Doping is neither universal, nor does it take place in a closed system among a participant pool of athletes with no turnover. However, both of these beliefs are latent in Dubner's claim that "...the cyclists are already doping...." In the assertion that there is a monolithic group of "cyclists", and that this group of individuals has made an informed decision to use performance-enhancing drugs, Dubner ignores the vicious turnover that is part of professional sports, and what allowing for the use of performance-enhancing drugs would mean for every young athlete who aspires to be a professional. In the wake of those who have elected to dope are numerous other athletes who have either continued competing at a lower level without drugs, or who have left the sport entirely. If doping were to be allowed, rising to the highest levels of sport becomes contingent not upon only hard work, talent, and perseverance, but also upon an athlete's willingness to take risks with their health.

And while some claim that allowing for the use of performance-enhancing drugs would allow for greater medical oversight, which would mitigate the health risks posed to athletes, any such claim is contingent upon the assumption that the medically safe level of a performance-enhancer is the same as the level to yield the greatest performance gain. Allowing for the regulated use of performance-enhancing drugs does not stop the arms race of doping among athletes, but only sanctions it. If a formerly banned substance were to be allowed at a particular level (which is lower than that at which one can maximize one's performance) one can almost be certain that there will be an athlete willing to take the risk of using the substance not at the regulated medically safe level, but rather at a level sufficient to yield the greatest competitive advantage.

There will always be champions and also-rans, but doping makes it impossible to discern one group from the other. In endurance sports, a new generation of blood-boosting drugs have made champions out of those who, but for their willingness to risk their health, and cheat their competitors, would have never have had the ability to win. And more critically, those who would otherwise have risen to the top of the sport through their natural talent and drive, but who were unwilling to use performance-enhancing drugs, will likely never know what they could have achieved.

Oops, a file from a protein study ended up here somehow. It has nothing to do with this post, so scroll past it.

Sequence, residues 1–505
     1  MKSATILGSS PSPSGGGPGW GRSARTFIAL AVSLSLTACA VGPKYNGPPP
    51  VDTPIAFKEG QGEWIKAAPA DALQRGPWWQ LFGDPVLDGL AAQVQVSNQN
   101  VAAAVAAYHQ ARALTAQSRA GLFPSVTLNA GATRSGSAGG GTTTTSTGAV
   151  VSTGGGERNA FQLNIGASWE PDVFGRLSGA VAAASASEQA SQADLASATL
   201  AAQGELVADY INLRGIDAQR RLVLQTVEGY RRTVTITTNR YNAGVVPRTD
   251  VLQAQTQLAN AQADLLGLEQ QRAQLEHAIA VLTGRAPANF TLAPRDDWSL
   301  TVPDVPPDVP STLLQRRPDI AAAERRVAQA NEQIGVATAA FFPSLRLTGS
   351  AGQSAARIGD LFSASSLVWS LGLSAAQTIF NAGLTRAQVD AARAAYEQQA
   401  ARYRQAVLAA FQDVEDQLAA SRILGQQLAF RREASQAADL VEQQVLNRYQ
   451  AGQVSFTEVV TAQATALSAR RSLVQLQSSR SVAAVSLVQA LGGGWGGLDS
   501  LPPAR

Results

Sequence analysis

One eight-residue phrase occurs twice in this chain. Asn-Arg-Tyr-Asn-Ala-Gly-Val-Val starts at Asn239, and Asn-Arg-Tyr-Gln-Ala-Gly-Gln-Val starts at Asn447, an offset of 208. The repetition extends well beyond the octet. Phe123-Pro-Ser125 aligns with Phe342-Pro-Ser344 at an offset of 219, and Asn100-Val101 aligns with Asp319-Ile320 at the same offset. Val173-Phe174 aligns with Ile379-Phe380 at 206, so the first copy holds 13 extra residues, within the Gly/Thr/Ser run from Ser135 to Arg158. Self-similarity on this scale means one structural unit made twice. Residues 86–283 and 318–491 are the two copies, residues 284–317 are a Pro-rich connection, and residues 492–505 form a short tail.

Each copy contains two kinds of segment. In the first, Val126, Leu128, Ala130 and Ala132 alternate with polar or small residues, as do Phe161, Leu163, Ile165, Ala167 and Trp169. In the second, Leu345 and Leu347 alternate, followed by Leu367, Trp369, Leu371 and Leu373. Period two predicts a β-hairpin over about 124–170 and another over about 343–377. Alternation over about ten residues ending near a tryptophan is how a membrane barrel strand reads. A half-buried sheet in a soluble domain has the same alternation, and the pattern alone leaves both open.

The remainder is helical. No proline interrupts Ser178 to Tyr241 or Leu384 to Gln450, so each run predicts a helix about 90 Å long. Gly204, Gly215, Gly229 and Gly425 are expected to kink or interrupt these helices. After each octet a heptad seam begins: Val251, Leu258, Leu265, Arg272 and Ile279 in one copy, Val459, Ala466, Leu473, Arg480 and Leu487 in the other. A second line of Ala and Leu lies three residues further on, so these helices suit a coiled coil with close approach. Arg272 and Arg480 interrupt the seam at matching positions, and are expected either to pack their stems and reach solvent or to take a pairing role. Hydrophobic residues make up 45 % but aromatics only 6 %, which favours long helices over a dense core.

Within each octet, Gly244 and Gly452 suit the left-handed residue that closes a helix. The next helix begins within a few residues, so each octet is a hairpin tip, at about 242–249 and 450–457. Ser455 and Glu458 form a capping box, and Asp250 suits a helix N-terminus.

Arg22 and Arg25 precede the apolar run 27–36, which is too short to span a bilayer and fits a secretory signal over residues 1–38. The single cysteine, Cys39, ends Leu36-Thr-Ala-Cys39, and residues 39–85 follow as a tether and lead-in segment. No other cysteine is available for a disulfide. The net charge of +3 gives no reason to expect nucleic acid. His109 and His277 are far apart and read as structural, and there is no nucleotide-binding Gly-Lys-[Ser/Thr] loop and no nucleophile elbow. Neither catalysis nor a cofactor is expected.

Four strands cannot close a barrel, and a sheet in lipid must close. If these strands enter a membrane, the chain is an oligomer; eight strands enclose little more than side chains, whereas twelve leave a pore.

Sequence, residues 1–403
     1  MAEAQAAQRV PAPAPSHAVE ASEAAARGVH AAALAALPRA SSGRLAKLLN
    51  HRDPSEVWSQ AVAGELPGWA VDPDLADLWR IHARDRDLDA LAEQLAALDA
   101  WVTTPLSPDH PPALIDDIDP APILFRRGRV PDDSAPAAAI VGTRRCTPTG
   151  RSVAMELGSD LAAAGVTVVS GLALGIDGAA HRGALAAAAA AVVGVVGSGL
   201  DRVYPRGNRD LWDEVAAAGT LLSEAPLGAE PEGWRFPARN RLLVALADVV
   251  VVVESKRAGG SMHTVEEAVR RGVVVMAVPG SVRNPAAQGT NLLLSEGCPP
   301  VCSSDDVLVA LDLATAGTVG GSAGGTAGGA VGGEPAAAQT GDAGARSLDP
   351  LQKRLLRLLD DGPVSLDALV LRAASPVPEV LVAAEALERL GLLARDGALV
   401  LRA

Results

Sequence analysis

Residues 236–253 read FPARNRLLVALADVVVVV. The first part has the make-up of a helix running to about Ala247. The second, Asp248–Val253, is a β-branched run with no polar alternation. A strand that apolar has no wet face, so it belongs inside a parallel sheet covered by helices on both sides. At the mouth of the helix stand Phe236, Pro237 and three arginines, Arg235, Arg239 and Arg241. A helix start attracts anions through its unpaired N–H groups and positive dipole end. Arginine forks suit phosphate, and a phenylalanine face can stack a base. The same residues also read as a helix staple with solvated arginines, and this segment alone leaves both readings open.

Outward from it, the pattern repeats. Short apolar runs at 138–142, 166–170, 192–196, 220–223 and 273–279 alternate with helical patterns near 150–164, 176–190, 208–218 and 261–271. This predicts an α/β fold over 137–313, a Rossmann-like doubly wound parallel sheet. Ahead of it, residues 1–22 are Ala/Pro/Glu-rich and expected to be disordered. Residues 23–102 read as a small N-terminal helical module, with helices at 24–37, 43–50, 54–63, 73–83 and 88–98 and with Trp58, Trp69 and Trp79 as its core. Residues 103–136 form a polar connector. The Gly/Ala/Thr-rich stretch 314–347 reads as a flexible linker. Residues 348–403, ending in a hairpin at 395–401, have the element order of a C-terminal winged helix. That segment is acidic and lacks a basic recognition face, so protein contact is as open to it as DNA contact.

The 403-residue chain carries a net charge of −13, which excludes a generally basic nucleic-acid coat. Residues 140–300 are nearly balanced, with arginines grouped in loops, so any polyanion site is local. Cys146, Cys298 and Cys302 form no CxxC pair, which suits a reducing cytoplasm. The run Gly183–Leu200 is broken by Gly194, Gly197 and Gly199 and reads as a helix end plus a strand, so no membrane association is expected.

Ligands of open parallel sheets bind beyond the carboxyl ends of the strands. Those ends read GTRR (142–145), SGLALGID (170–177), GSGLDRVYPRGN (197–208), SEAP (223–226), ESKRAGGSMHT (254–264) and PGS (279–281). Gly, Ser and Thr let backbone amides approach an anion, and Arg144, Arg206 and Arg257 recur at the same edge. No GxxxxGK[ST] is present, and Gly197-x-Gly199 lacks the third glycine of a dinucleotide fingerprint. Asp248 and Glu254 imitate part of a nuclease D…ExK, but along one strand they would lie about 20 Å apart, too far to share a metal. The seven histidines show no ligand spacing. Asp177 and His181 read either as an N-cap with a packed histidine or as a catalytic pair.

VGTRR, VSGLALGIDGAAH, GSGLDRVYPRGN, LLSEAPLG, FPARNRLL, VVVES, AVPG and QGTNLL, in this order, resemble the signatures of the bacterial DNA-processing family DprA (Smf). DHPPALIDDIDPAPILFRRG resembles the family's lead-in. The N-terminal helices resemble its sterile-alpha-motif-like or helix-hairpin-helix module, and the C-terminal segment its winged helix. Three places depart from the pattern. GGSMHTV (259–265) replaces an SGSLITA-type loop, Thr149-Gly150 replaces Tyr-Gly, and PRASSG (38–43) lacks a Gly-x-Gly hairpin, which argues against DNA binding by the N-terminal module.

Almost all justifications for the allowance of performance-enhancing drugs are predicated upon the fiction that athletes are not like everyone else. Implicit in these justifications is the belief that neither we nor our children would wish or be able to become professional athletes, and that when an athlete elects to use performance-enhancing drugs, he or she is already an adult, competing against other adults, who have made the choice to become professional athletes, fully cognizant of the psychological and physical risks that are necessary in order to rise to the top of his or her chosen profession.

However, athletes are like us. And it is because of our ability to sympathize with their struggles on the field of play that sports have any meaning at all. This meaning evaporates though when the collective frustration with doping turns athletes into a monolithic "other," who can use performance-enhancing drugs if they so choose, and whose struggles thus become not like our own, but those of someone unlike anyone whom we would want to be.

James H. Hibbard is a former professional cyclist, and is currently a doctoral student studying philosophy at DePaul University.